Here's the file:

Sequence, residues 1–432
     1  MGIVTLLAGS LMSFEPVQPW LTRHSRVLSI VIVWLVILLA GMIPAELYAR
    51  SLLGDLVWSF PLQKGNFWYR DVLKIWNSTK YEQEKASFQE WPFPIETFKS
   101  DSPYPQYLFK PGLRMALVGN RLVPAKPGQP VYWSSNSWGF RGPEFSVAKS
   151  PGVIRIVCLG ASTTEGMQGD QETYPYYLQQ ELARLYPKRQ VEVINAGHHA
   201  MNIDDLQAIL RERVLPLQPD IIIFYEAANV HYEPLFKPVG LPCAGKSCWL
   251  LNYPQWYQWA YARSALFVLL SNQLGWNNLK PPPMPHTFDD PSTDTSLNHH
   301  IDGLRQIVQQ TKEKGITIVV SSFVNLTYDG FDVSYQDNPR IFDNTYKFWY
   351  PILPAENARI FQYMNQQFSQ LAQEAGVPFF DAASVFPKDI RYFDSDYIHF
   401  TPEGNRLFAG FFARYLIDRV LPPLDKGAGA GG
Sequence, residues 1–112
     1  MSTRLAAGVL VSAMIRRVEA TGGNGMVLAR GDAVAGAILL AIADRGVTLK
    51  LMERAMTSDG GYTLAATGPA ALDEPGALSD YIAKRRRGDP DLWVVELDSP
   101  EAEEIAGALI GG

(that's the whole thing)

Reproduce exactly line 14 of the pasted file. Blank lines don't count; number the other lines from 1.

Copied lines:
   101  EAEEIAGALI GG